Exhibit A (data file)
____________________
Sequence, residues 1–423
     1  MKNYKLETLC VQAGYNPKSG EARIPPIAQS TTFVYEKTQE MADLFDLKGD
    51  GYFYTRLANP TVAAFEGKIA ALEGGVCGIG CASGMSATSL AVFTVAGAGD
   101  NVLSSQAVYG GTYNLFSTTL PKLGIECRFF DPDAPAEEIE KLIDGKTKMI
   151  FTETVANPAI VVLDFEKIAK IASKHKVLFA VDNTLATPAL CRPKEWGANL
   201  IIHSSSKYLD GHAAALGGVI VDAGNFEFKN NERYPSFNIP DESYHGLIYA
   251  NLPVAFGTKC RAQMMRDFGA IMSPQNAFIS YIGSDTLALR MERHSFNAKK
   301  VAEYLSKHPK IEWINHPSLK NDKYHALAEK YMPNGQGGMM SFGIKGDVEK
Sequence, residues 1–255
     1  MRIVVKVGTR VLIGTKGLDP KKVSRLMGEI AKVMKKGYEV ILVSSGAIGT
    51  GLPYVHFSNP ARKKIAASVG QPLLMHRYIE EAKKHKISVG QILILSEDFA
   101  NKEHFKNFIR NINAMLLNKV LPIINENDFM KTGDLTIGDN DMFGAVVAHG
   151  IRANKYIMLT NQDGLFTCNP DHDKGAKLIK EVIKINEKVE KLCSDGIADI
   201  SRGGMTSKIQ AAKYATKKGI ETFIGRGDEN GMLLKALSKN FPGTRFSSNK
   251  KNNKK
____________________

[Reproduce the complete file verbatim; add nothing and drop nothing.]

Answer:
Sequence, residues 1–423
     1  MKNYKLETLC VQAGYNPKSG EARIPPIAQS TTFVYEKTQE MADLFDLKGD
    51  GYFYTRLANP TVAAFEGKIA ALEGGVCGIG CASGMSATSL AVFTVAGAGD
   101  NVLSSQAVYG GTYNLFSTTL PKLGIECRFF DPDAPAEEIE KLIDGKTKMI
   151  FTETVANPAI VVLDFEKIAK IASKHKVLFA VDNTLATPAL CRPKEWGANL
   201  IIHSSSKYLD GHAAALGGVI VDAGNFEFKN NERYPSFNIP DESYHGLIYA
   251  NLPVAFGTKC RAQMMRDFGA IMSPQNAFIS YIGSDTLALR MERHSFNAKK
   301  VAEYLSKHPK IEWINHPSLK NDKYHALAEK YMPNGQGGMM SFGIKGDVEK
Sequence, residues 1–255
     1  MRIVVKVGTR VLIGTKGLDP KKVSRLMGEI AKVMKKGYEV ILVSSGAIGT
    51  GLPYVHFSNP ARKKIAASVG QPLLMHRYIE EAKKHKISVG QILILSEDFA
   101  NKEHFKNFIR NINAMLLNKV LPIINENDFM KTGDLTIGDN DMFGAVVAHG
   151  IRANKYIMLT NQDGLFTCNP DHDKGAKLIK EVIKINEKVE KLCSDGIADI
   201  SRGGMTSKIQ AAKYATKKGI ETFIGRGDEN GMLLKALSKN FPGTRFSSNK
   251  KNNKK